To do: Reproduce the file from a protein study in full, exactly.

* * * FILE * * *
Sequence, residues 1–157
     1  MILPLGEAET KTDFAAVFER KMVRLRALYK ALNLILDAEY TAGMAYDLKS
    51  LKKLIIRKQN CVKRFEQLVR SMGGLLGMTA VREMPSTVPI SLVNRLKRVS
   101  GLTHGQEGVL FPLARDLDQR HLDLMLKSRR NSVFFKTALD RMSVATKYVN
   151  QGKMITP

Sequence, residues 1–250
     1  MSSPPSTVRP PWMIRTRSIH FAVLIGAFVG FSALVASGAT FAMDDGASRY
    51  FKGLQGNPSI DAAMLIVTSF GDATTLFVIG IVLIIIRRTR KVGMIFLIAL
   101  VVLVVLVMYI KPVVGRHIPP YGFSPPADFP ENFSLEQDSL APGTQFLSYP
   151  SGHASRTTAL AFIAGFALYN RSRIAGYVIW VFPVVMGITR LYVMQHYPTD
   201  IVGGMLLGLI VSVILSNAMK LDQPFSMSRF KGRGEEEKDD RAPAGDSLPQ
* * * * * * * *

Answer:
Sequence, residues 1–157
     1  MILPLGEAET KTDFAAVFER KMVRLRALYK ALNLILDAEY TAGMAYDLKS
    51  LKKLIIRKQN CVKRFEQLVR SMGGLLGMTA VREMPSTVPI SLVNRLKRVS
   101  GLTHGQEGVL FPLARDLDQR HLDLMLKSRR NSVFFKTALD RMSVATKYVN
   151  QGKMITP

Sequence, residues 1–250
     1  MSSPPSTVRP PWMIRTRSIH FAVLIGAFVG FSALVASGAT FAMDDGASRY
    51  FKGLQGNPSI DAAMLIVTSF GDATTLFVIG IVLIIIRRTR KVGMIFLIAL
   101  VVLVVLVMYI KPVVGRHIPP YGFSPPADFP ENFSLEQDSL APGTQFLSYP
   151  SGHASRTTAL AFIAGFALYN RSRIAGYVIW VFPVVMGITR LYVMQHYPTD
   201  IVGGMLLGLI VSVILSNAMK LDQPFSMSRF KGRGEEEKDD RAPAGDSLPQ